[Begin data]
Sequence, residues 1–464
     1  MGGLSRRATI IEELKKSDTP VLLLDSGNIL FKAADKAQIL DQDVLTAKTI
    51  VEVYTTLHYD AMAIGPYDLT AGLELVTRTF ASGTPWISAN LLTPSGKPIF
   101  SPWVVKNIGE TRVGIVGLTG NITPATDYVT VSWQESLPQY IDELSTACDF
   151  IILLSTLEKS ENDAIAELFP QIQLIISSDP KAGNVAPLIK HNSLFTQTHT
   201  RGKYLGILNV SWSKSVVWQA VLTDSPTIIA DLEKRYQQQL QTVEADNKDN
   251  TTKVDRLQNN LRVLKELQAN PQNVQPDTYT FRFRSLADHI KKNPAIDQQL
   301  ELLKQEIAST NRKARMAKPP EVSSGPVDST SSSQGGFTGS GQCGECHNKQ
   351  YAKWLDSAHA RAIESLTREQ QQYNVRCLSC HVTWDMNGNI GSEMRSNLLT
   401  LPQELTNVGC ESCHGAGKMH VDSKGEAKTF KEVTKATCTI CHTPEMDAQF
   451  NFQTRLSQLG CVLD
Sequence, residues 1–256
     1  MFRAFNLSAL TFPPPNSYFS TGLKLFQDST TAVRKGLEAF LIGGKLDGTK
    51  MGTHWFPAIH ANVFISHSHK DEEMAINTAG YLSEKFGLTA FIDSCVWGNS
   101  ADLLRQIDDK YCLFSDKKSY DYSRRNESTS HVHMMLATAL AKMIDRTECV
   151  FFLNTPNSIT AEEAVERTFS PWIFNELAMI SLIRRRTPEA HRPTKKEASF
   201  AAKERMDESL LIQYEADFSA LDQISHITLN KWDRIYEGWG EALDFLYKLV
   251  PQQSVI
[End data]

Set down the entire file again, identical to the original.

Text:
Sequence, residues 1–464
     1  MGGLSRRATI IEELKKSDTP VLLLDSGNIL FKAADKAQIL DQDVLTAKTI
    51  VEVYTTLHYD AMAIGPYDLT AGLELVTRTF ASGTPWISAN LLTPSGKPIF
   101  SPWVVKNIGE TRVGIVGLTG NITPATDYVT VSWQESLPQY IDELSTACDF
   151  IILLSTLEKS ENDAIAELFP QIQLIISSDP KAGNVAPLIK HNSLFTQTHT
   201  RGKYLGILNV SWSKSVVWQA VLTDSPTIIA DLEKRYQQQL QTVEADNKDN
   251  TTKVDRLQNN LRVLKELQAN PQNVQPDTYT FRFRSLADHI KKNPAIDQQL
   301  ELLKQEIAST NRKARMAKPP EVSSGPVDST SSSQGGFTGS GQCGECHNKQ
   351  YAKWLDSAHA RAIESLTREQ QQYNVRCLSC HVTWDMNGNI GSEMRSNLLT
   401  LPQELTNVGC ESCHGAGKMH VDSKGEAKTF KEVTKATCTI CHTPEMDAQF
   451  NFQTRLSQLG CVLD
Sequence, residues 1–256
     1  MFRAFNLSAL TFPPPNSYFS TGLKLFQDST TAVRKGLEAF LIGGKLDGTK
    51  MGTHWFPAIH ANVFISHSHK DEEMAINTAG YLSEKFGLTA FIDSCVWGNS
   101  ADLLRQIDDK YCLFSDKKSY DYSRRNESTS HVHMMLATAL AKMIDRTECV
   151  FFLNTPNSIT AEEAVERTFS PWIFNELAMI SLIRRRTPEA HRPTKKEASF
   201  AAKERMDESL LIQYEADFSA LDQISHITLN KWDRIYEGWG EALDFLYKLV
   251  PQQSVI